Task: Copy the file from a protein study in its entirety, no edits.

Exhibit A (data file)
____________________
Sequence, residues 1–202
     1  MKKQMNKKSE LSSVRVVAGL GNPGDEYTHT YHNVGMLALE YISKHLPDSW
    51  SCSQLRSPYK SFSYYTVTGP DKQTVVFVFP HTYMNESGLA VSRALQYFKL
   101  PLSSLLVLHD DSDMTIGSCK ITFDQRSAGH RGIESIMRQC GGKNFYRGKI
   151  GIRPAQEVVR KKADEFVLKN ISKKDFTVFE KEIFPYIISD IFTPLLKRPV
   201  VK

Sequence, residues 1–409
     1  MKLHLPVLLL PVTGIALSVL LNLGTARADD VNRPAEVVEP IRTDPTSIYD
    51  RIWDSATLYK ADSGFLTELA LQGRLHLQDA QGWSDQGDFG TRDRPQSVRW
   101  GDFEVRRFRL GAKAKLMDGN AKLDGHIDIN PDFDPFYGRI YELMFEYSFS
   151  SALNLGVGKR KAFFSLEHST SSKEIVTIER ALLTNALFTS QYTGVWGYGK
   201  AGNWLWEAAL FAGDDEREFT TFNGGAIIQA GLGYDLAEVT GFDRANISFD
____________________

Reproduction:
Sequence, residues 1–202
     1  MKKQMNKKSE LSSVRVVAGL GNPGDEYTHT YHNVGMLALE YISKHLPDSW
    51  SCSQLRSPYK SFSYYTVTGP DKQTVVFVFP HTYMNESGLA VSRALQYFKL
   101  PLSSLLVLHD DSDMTIGSCK ITFDQRSAGH RGIESIMRQC GGKNFYRGKI
   151  GIRPAQEVVR KKADEFVLKN ISKKDFTVFE KEIFPYIISD IFTPLLKRPV
   201  VK

Sequence, residues 1–409
     1  MKLHLPVLLL PVTGIALSVL LNLGTARADD VNRPAEVVEP IRTDPTSIYD
    51  RIWDSATLYK ADSGFLTELA LQGRLHLQDA QGWSDQGDFG TRDRPQSVRW
   101  GDFEVRRFRL GAKAKLMDGN AKLDGHIDIN PDFDPFYGRI YELMFEYSFS
   151  SALNLGVGKR KAFFSLEHST SSKEIVTIER ALLTNALFTS QYTGVWGYGK
   201  AGNWLWEAAL FAGDDEREFT TFNGGAIIQA GLGYDLAEVT GFDRANISFD